The uptake rate, however, is only one of the determinants of ability of mitochondria to accumulate and release Ca2+ in a time scale relevant for physiological muscle contraction (see Eq. 1). The kinetics of the mitochondrial Ca2+ storage system is not less important. Two types of calcium sequestering systems have been identified in cardiac mitochondria (Bazil et al., 2013; Wei et al., 2012). The first class represents specific Ca2+ buffers, while the second class is based on the formation of amorphous calcium phosphate (see Fig. 3). If the Ca2+ binding kinetics of the two or possibly more classes of mitochondrial Ca2+ binding molecules are comparable to the inward and outward fluxes, then they can act as buffers and their combined activity can account for the powerful ability to accumulate substantial amounts of calcium with minor variation of free Ca2+ concentration in the matrix. This represents a precondition to contribute to the modulation of cytosolic Ca2+ transients. The available model estimations adopt the following parameters: Marcucci et al., 2018: kon = 0.8 μM−1 s−1, koff 0.19 s−1, kd = 0.24 μM; Rincón et al., 2021: kon = 0.6 μM−1 s−1, koff 0.156 s−1, kd = 0.26 μM. For comparison, the kd calculated in Bazil et al. (2013) for cardiac mitochondria are 2 and 1.7 μM, respectively, for the two classes of buffers, while the kinetic parameters are assumed to be fast enough to rapidly reach the equilibrium, at least in the time scale of their experimental data, i.e., in the order of several minutes.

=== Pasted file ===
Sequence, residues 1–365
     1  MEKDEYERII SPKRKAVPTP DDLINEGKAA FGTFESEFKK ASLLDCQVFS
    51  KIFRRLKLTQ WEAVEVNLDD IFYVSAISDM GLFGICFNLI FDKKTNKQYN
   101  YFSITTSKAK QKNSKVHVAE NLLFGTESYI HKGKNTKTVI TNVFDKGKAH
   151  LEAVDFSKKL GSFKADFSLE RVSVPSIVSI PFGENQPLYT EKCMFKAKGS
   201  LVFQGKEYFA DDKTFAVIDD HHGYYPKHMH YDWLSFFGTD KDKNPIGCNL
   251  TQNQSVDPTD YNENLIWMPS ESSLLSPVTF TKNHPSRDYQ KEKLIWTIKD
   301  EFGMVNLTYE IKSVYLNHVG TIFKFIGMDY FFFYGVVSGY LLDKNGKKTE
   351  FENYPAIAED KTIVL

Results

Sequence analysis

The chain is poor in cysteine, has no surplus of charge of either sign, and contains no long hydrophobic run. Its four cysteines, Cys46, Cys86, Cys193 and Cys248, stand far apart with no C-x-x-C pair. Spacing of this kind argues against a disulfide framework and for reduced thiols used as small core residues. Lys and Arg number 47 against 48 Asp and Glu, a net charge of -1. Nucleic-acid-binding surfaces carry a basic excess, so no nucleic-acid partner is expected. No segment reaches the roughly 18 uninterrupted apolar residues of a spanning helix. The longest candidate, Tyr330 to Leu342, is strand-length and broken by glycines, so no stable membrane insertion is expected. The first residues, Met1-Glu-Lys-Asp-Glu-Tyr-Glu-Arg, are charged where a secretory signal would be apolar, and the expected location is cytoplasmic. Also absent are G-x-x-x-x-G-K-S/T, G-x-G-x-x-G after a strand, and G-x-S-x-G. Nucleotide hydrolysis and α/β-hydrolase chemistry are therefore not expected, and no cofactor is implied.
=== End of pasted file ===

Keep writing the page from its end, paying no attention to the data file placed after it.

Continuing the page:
A model simulation (Fig. 4) of the mitochondrial free Ca2+ transients as determined with Ca2+ indicators allows some speculations on the relative impact of the three main components of Eq 1. The cytosolic and the mitochondrial transients during a tetanic stimulation (2 s at 60 Hz) are simulated assuming a combination of different uptake rate (Jin; Eq 1) and buffer-binding rate (Jb). The impact of two extreme uptake rates, the low rate estimated by Sembrovich et al. (1985), and the high rate similar to that reported by Yi et al. (2011) (4 mmol/Lfiber/s), are analyzed in different buffering conditions, modulating buffering power through its amount. Buffer parameters are based on Bazil et al. (2013), with the association and dissociation rate constants sufficiently high and the proposed kd values. As can be seen in Fig. 4, the combination of low Jin and low Jb (blue line) and the combination of high Jin and high Jb (black line) predict a similar mitochondrial transient, but different cytosolic transient. The impact on cytosolic transient, which will be accompanied by proportional troponin C binding and contractile response, is then partially blunted by compensatory buffering of PVA.